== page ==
At work, you’re confident and in control. And at home you’re relaxed and happy. But during those times when your professional and private lives overlap — namely, the morning dash to the office and the early-evening chaos that greets you at home — you’re a woman on the verge of a nervous breakdown. It’s not surprising: Not only are you trying to juggle your dual roles as devoted mom and committed career woman, but your baby may be struggling, too, as he tries to incorporate your entries and exits into his daily schedule. Still, this kind of chaos doesn’t have to be a fact of everyday life if you build rituals and routines into your daily comings and goings.
The Long Goodbye
No one ever said separating from your baby was going to be easy, but keep in mind that it’s a valuable learning experience for him. "Through separation, a child learns to trust others to take care of him, to trust his parents to return, and to trust himself to handle it," says June Solnit Sale, a child-development consultant in Los Angeles and coauthor of The Working Parents Handbook. The key to reducing separation anxiety is keeping the morning hours calm and predictable.
Plan ahead. Do as much advance preparation as possible: Before you turn in the night before, pack your lunch, your briefcase, and your baby’s bag for daycare, lay out your work clothes, set out the breakfast dishes, have pumped breast milk or formula bottled and ready to go, and write out any special instructions for your caregiver. By doing some or all of these things in advance, you can avoid those anxiety-producing last-minute scrambles that tend to waylay you in the morning.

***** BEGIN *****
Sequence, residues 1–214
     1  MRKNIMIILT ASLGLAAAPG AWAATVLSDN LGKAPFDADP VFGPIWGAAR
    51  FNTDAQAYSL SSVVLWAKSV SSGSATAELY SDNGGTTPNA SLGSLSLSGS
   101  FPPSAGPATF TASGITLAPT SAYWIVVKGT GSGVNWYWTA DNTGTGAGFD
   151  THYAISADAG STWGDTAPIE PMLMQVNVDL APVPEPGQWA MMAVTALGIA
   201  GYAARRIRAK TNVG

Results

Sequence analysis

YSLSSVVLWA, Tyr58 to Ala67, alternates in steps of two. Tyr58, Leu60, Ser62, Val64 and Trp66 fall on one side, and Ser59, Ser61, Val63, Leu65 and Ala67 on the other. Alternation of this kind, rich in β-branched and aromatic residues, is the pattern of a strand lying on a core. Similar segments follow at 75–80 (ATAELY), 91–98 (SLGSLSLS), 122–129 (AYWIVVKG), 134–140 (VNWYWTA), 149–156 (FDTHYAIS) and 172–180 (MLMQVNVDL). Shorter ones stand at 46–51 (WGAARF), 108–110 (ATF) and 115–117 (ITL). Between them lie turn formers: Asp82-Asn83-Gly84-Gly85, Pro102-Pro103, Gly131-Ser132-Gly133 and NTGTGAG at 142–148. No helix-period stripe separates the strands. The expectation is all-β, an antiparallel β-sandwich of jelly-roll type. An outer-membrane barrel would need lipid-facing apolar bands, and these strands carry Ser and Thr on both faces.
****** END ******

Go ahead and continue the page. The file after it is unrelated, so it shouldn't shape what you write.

Divide and conquer. Judy Levey, a college fund-raiser in Grinnell, IA, and her husband, Sandy, split their morning chores after their son Gideon was born. Judy showers while Sandy feeds Gideon, then they switch places and Judy clears away the breakfast dishes while Sandy takes his turn in the bathroom. This set schedule eliminates early-morning squabbles and confusion about who does what when. Other couples assign one partner to handle the baby’s morning preparations while the other is responsible for relieving their infant’s caregiver at the end of the day. That way, neither parent is forced to race against the clock morning and evening.
Build in some playtime. You may think, Fun? Who has time for that in the morning? "But if you fit in time for snuggling or playing a simple game together, you’ll feel less guilt about leaving because your baby will be satisfied from your time together," explains Joan Peters, author of When Mothers Work: Loving Our Children Without Sacrificing Our Selves. When her daughter Lily was an infant, Peters would bring her into her bed for an hour of cuddling and playing before she and her husband got ready for work each morning.
Stick to a routine. "Babies need consistency," says Deborah Zambianco, a clinical child psychologist in Los Angeles. So keep the order of your mornings the same from day to day. Consistency can also be reinforced with objects: If your baby is heading off to daycare, let him take along a familiar stuffed animal or a favorite blanket. "Beloved objects are soothing and comforting to a baby," says Zambianco, and they can make transitions less abrupt and scary for him.
Make it a warm good-bye. Whether you’re dropping off your baby at daycare or leaving him home with a sitter, take the time to explain your departure. "Though he may not understand the meaning of your words at first, the process of communicating in a soothing voice is reassuring," says June Sale. And sooner than you think, between 12 and 18 months of age, your baby will begin to understand what you’re saying. It’s also important to create a good-bye ritual, such as waving and blowing kisses, that can be repeated each day.